Tis the season to be merry or not

The holidays are a time to look forward to happiness, peacefulness, fellowship and harmony. It is a time of celebrations and gatherings with family and friends. However, the season can also trigger anxiety, stress and depression or what is often called the “Holiday Blues.”

So, how do you beat the holiday blues?

Preparation can minimize the stress that accompanies the holidays. You may even enjoy the holidays more than you thought you would. Know your patterns of behavior, especially if you have experienced losses around this time of year or recently, have a history of becoming down during the holidays or a history of a mood disorder. We have a tendency to not take care of ourselves physically or emotionally during the holidays. Listed below are tips on getting ahead of the “Holiday Blues”.

#1 Keep your regular routine: A change in routine can lead to additional stress. Try to exercise at your usual time, go to meetings that you normally go to and stick to as normal a diet as possible.

Take a breather: Make some time for yourself. Spending just 15 minutes alone, without distractions, may refresh you enough to handle everything you need to do. Find something that reduces stress by clearing your mind, slowing your breathing and restoring inner calm.

#2 Think moderation: While it may be easy to drink and eat too much at parties and special dinners, we should try not to overindulge with food and/or alcohol.

#3 Don’t abandon healthy habits: Don’t let the holidays become a free-for-all. Overindulgence only adds to your stress and guilt.

#4 Try not to expect the “ideal” holiday: So many of us have an idealized version of what the holidays should be like and are very disappointed when the season doesn’t live up to those expectations. Try to be realistic, remember, nobody has a perfect holiday or perfect family. The holidays don’t have to be perfect or just like last year. As families change and grow, traditions and rituals often change as well. Choose a few to hold on to, and be open to creating new ones.

#5 Don’t be alone, if you don’t want to: Stay connected! If you anticipate spending the holidays alone, volunteering your time to help others also is a good way to lift your spirits and broaden your friendships. Reach out. If you feel lonely or isolated, seek out community, religious or other social events. They can offer support and companionship. Make sure to leave time to spend with friends and/or family who value you.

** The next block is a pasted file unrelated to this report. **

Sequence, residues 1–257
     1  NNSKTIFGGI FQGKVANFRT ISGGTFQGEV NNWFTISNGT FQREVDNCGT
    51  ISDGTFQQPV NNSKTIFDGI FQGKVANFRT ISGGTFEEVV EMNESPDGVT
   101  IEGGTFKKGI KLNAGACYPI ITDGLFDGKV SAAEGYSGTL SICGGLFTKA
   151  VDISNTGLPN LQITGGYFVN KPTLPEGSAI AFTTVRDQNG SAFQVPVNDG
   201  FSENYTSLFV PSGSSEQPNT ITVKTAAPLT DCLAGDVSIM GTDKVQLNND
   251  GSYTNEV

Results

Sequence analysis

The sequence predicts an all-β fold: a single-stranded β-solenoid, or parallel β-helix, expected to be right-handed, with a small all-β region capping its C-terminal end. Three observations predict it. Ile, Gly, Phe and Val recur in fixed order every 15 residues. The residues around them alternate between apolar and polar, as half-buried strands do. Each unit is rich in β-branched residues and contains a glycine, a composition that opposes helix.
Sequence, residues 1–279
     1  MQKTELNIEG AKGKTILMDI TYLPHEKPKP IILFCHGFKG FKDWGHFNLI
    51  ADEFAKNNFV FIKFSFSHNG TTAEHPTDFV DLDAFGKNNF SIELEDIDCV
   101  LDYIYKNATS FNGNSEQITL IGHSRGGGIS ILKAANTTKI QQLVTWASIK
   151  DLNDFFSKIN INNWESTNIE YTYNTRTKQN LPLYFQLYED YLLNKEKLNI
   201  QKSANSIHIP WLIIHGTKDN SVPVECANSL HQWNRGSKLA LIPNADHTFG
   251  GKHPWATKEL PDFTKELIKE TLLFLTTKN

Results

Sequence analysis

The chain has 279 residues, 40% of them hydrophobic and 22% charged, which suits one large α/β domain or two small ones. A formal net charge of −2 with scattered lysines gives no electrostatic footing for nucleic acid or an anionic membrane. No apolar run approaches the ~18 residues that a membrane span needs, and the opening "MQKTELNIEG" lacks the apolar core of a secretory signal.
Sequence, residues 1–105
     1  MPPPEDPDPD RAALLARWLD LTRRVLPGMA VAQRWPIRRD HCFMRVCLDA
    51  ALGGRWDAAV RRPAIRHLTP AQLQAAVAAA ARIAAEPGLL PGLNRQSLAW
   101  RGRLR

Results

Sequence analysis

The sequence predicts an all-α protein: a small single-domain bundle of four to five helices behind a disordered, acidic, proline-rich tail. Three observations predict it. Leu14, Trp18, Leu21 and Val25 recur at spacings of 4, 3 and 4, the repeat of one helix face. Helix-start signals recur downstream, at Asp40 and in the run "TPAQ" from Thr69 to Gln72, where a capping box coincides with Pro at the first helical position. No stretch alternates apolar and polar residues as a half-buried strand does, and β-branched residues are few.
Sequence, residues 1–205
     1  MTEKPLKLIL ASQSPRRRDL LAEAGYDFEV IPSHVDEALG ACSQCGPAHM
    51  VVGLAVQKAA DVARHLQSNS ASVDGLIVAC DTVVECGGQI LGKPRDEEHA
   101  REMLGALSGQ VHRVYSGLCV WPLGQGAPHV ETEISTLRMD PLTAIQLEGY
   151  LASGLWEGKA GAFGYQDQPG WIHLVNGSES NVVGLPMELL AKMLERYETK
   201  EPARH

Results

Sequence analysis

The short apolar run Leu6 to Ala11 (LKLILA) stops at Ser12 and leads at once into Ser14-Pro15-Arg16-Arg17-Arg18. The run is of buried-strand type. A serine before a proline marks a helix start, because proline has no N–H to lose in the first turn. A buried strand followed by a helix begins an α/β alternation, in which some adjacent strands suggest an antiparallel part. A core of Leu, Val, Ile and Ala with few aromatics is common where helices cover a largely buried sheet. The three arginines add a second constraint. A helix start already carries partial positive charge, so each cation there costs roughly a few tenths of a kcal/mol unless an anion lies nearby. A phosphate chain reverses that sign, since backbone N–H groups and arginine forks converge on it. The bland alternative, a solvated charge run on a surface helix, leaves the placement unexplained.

#6 Throw guilt out the window: Try not to put unreasonable pressure on yourself to be happy, to rejoice, or even to enjoy the holidays. Acknowledge your feelings. If someone close to you has recently died or you can’t be with loved ones, realize that it’s normal to feel sadness and grief. It’s OK to take time to cry or express your feelings.

#7 Plan ahead: Organize your time. Set your priorities and stick to them. Identify specific days for shopping, baking, visiting friends and other activities. Plan your menus and then make your shopping list. This will help to prevent heighten anxiety and scrambling to buy forgotten ingredients. Make sure to ask for help for party prep and cleanup.

#8 Focus on today, not yesterday: There’s something about being with family and old friends that makes us become who we were and not who we are. When you find yourself reverting to old childhood patterns when with family, try to walk away for a minute and remember who you are now. Set aside differences. Try to accept family members and friends as they are, even if they don’t live up to all of your expectations. Set aside grievances until a more appropriate time for discussion. And be understanding if others get upset or distressed when something goes awry. Chances are they’re feeling the effects of holiday stress and depression, too.

#9 Just say no: It’s OK to say NO when you’re asked to do more than you can.

#10 Stick to a budget: Before you go gift and food shopping, decide how much money you can afford. Then stick to your budget. Don’t try to buy happiness with an avalanche of gifts.

Know your holiday triggers, such as financial pressures or personal demands, so you can combat them before they lead to dysregulation or conflict. With positive thinking and planning, it is possible to navigate through the holidays and find some enjoyment. Remember you are in charge of you this holiday season!

Karen Cooke, LISW-CP, is manager of clinical therapies with the Prisma Health Department of Psychiatry.

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